Oral wills still a challenge

With the Law Commission and the Ministry of Justice looking into the possibility of whether all the criteria of the Wills Act can be met in the current state of pandemic, and some calling for oral wills to be made legal for those in hospital, our experts look at the issue at hand.

The Wills Act 1837 is very restrictive, it requires wills to be signed in the presence of two witnesses who can’t be beneficiaries. Both have to be in the presence of the testator whilst he/she signs and all three need to remain together while the witnesses sign.

As such, it’s clear to see why creation of a will at the current time can be tricky. The Law Commission has confirmed that virtual presence is not sufficient and presence must be physical. There’s some guidance around ensuring each person using their own pen, wearing gloves etc but it’s clear they must all be in the presence of each other.

At Napthens our lawyers have gone to some innovative ways of ensuring clients can have their wills witnessed as Partner, Kathryn Harwood explains: “With the law commission confirming physical presence was a must, we’ve had to think of some creative ways to get people together while maintaining safe social distances.

“Wills have been witnessed and made valid through windows – passing the will through the letterbox to be signed and witnessed, or using car bonnets as desks to again witness through a window.

“We have been taking instructions via numerous communication channels and part of our service is to make sure we are clear with clients as to what is required, and they have instructions on what to do.”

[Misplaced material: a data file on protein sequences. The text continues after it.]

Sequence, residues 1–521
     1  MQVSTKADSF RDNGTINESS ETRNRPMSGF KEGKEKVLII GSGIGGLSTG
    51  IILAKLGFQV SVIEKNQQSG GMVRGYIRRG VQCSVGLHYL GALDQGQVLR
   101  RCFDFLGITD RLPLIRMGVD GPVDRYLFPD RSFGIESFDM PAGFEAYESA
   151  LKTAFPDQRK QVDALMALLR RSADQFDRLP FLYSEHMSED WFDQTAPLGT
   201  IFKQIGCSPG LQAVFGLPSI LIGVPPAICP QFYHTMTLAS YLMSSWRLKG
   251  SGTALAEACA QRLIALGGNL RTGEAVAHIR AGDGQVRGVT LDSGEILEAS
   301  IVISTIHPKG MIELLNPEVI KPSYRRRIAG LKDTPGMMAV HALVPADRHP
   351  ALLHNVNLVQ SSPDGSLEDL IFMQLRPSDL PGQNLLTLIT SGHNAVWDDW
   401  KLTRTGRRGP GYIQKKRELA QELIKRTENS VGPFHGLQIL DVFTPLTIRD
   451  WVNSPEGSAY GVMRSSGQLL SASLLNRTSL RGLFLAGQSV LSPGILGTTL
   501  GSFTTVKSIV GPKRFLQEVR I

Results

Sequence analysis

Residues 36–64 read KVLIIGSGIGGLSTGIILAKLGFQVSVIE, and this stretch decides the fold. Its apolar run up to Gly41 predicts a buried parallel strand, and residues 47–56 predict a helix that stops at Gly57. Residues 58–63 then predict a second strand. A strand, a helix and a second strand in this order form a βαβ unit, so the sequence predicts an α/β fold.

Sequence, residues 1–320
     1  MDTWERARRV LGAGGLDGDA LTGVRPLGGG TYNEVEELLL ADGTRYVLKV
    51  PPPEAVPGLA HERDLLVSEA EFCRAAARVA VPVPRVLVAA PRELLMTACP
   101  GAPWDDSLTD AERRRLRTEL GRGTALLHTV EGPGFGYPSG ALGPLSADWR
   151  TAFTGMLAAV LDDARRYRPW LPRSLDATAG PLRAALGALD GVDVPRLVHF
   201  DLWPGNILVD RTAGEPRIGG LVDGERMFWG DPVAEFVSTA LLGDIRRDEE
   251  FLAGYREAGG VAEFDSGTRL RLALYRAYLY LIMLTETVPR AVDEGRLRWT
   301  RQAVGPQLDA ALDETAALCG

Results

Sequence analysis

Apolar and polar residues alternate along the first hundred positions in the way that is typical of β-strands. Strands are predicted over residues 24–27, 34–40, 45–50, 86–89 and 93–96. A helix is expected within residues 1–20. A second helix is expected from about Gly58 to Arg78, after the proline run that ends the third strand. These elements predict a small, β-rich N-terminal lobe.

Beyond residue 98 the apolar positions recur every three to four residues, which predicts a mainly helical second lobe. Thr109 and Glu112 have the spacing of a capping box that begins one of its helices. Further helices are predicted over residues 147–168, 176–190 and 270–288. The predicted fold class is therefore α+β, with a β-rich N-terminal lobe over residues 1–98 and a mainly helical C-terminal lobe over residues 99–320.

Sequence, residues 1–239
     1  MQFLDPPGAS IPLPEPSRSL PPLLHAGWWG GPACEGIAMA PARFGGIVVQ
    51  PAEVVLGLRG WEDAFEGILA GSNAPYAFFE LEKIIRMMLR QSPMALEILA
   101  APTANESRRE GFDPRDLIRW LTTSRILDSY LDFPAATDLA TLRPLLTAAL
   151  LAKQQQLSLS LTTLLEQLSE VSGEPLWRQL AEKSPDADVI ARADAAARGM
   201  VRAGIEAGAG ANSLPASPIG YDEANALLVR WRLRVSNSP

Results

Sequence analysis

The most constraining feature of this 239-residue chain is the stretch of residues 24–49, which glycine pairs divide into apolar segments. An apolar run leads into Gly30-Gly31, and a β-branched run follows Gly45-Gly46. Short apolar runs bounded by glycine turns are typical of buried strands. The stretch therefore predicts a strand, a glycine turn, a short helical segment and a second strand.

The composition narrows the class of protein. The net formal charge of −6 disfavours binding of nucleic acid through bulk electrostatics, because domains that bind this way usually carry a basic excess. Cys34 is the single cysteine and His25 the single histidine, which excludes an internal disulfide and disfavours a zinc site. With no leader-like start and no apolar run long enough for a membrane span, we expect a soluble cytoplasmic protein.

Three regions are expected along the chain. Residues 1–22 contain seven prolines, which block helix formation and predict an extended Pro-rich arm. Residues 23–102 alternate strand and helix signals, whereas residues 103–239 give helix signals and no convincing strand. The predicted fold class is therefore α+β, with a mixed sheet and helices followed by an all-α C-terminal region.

Currently, the only exceptions in the law are provided under the Soldiers and Sailors Act 1918 for armed servicemen and women while in active duty. This allows them to make an oral will, even if they are under the age of 18 (the Wills Act prescribes a will is only valid if the testator is over 18.)

Nicola Turner, Napthens’ specialist in contested wills and probate says: “With oral wills, there is a great deal of uncertainty and risk and they may be challenged in court because they are too easy to contest.

“It makes it very difficult because there may not even be a written record, or if there is, it may not be witnessed and signed by anyone and witnesses can be unreliable.

“When you add this to the fact that often NHS and careworkers are not allowed to act as witnesses by their employers, it paints a difficult picture for oral wills being used in the current circumstances.”

Given the continuing rise in wills, particularly home made wills,  being contested after a person dies and the concerns around capacity and abuse, it seems unlikely that oral wills are going to be introduced in the UK any time soon.

The only way of ensuring your wishes will be legally binding remains to make a will in writing and to ensure it is signed in compliance with the Wills Act 1837. Solutions to meeting this criteria in current circumstances can be found, but it has never been more important to take specialist advice.